Economy of North Carolina
In 2010 North Carolina's total gross state product was $424.9 billion. In 2011 the civilian labor force was at around 4.5 million with employment near 4.1 million. The working population is employed across the major employment sectors. The economy of North Carolina covers 15 metropolitan areas.
North Carolina includes the following metropolitan areas: Asheville, Burlington, Charlotte-Gastonia-Rock Hill (NC-SC), Durham-Chapel Hill, Fayetteville, Goldsboro, Greensboro-High Point, Greenville, Hickory-Lenoir-Morganton, Jacksonville, Raleigh-Cary, Rocky Mount, Virginia Beach-Norfolk-Newport News (Virginia & North Carolina), Wilmington, and Winston-Salem.
The state economy
According to the Bureau of Economic Analysis, the state's 2010 total gross state product was $424.9 billion, making it the ninth wealthiest state in terms of gross domestic product. Its 2007 per capita personal income was $33,735, placing 36th in the nation. North Carolina's agricultural outputs include poultry and eggs, tobacco, hogs, milk, nursery stock, cattle, sweet potatoes, and soybeans.
There has been a distinct difference in the economic growth of North Carolina's urban and rural areas. While large cities such as Charlotte, Raleigh, Greensboro, and others have experienced rapid population and economic growth over the last thirty years, many of the state's small towns have suffered from loss of jobs and population. Most of North Carolina's small towns historically developed around textile and furniture factories. However, North Carolina has recently been affected by offshoring and industrial growth in countries like China; one in five manufacturing jobs in the state has been lost to overseas competition. As these factories closed and moved to low-wage markets in Asia and Latin America, the small towns that depended upon them have suffered.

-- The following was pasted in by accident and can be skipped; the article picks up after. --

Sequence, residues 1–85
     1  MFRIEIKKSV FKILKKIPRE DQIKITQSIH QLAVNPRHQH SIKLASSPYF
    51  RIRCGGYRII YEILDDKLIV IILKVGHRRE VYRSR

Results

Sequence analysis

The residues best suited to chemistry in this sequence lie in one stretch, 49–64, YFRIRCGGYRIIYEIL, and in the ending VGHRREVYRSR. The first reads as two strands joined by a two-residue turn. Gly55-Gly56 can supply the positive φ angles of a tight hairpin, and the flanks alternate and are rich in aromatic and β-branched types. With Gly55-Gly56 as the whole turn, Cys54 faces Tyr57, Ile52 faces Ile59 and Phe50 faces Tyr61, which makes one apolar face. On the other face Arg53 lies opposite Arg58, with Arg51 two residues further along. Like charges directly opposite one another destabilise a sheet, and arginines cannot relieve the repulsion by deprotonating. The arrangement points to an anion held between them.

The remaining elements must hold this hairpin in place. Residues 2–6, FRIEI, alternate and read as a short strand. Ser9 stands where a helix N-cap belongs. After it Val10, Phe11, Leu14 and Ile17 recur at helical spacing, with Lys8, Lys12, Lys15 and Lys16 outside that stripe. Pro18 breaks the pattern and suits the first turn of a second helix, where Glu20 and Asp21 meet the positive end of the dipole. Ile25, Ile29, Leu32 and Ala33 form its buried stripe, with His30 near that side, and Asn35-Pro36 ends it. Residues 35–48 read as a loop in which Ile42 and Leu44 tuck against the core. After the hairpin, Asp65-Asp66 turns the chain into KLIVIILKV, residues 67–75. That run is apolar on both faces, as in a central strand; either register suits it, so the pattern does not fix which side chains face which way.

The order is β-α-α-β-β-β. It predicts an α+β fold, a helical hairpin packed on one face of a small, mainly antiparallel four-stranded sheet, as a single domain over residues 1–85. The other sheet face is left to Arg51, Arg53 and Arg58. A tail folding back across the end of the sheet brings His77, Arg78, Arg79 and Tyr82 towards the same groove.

The first gold nugget found in the U.S. was found in Cabarrus County in 1799. The first gold dollar minted in the U.S. was minted at the Bechtler Mint in Rutherford County.
Agriculture and manufacturing
The responsibilities in regulatory and service areas covering different aspect of Agriculture and manufacturing are overseen by the North Carolina Department of Agriculture and Consumer Services. Over the past century, North Carolina has grown to become a national leader in agriculture, financial services, and manufacturing. The state's industrial output—mainly textiles, chemicals, electrical equipment, paper and pulp and paper products—ranked eighth in the nation in the early 1990s. The textile industry, which was once a mainstay of the state's economy, has been steadily losing jobs to producers in Latin America and Asia for the past 25 years, though the state remains the largest textile employer in the United States. Over the past few years, another important Carolina industry, furniture production, has also been hard hit by jobs moving to Asia (especially China).